“You need to suspend your reaction when you feel like striking back, to listen when you feel like talking back, to ask questions when you feel like telling your opponent the answers, to bridge your differences when you feel like pushing for your way, and to educate when you feel like escalating.”
— Emotion. The next barrier is the other party's negative emotions. Behind the attacks are probably anger and hostility, and behind their rigid positions fear and distrust. It's easy to convince ourselves of anything under the influence of strong emotions. They may be convinced they're right and we are wrong, refuse to listen, and feel justified in using underhanded tactics. Strong emotions generate aggression and are hard to address head on lest we intend to bump into a wall. We also don't want to fall into the trap of raising our own emotional temperature.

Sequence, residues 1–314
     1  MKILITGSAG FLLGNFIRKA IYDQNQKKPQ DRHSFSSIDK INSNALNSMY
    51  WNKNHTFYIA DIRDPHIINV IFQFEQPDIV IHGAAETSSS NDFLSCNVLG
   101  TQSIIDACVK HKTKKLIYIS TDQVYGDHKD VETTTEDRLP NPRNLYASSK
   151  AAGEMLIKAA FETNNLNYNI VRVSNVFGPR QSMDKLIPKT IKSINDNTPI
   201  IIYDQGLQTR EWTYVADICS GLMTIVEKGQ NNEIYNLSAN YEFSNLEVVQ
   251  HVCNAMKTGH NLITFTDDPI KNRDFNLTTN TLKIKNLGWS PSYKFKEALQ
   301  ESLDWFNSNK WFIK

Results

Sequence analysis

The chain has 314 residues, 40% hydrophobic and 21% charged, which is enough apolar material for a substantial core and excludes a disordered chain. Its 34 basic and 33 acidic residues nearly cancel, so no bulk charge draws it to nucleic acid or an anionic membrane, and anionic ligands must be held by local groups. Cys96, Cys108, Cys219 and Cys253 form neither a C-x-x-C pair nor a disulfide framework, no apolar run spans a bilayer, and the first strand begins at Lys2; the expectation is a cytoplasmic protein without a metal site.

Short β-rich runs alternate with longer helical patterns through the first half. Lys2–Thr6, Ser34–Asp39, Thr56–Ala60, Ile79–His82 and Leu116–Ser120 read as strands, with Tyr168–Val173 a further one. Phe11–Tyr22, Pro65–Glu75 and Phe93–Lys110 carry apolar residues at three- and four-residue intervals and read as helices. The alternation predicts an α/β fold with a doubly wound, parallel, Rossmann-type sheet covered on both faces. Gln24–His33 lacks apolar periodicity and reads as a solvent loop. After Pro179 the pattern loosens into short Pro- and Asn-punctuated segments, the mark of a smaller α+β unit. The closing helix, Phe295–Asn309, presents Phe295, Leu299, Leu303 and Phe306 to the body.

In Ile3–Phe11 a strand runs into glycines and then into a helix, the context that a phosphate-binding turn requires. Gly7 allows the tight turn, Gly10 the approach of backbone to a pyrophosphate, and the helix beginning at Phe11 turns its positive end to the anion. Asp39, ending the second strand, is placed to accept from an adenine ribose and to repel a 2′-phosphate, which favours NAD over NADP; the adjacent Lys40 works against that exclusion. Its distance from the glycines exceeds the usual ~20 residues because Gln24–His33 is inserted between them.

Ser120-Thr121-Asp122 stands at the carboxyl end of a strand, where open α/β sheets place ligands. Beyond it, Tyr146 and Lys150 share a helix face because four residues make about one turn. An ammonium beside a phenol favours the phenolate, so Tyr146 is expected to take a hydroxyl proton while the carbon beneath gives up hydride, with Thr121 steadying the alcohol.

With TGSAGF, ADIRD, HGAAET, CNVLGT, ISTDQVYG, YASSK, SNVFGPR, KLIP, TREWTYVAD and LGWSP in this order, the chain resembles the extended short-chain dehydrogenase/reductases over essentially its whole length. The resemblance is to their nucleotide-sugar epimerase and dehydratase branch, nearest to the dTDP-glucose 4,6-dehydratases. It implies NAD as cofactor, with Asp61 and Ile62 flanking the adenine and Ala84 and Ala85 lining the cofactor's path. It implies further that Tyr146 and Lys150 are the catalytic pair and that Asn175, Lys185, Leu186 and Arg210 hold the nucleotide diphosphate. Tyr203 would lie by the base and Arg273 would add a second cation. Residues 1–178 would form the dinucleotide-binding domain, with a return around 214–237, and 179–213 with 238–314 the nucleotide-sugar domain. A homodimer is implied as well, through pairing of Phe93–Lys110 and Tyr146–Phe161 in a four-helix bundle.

“Speak when you are angry and you will make the best speech you will ever regret,” says Ambrose Bierce
— Positions. In joint problem-solving, two or more parties face the problem and attack it together. The barrier to overcome is the other party's digging into a position and trying to move us to give in. By holding firm, the thinking goes, they'll get what they want. It's something we learn in the school of life growing up. This is an unsophisticated method but it persists because they perceive the choice as binary, they either win or give in.
When in reality, the real power in negotiation is developing a best alternative. Saying, “yes, and,” asking open-ended questions helps — Why? Why not? What if? What makes that fair? What would they do if they were in our position? How would they handle things?
— Dissatisfaction. Our goal may be to reach a mutually satisfactory agreement, but we may find the other side not at all interested in this type of outcome. Maybe they don't see how it will benefit them. They may fear losing face if they have to back down, even when they get what they wanted. Understanding the other person's perspective in important, including how they may not embrace and idea because it comes from us.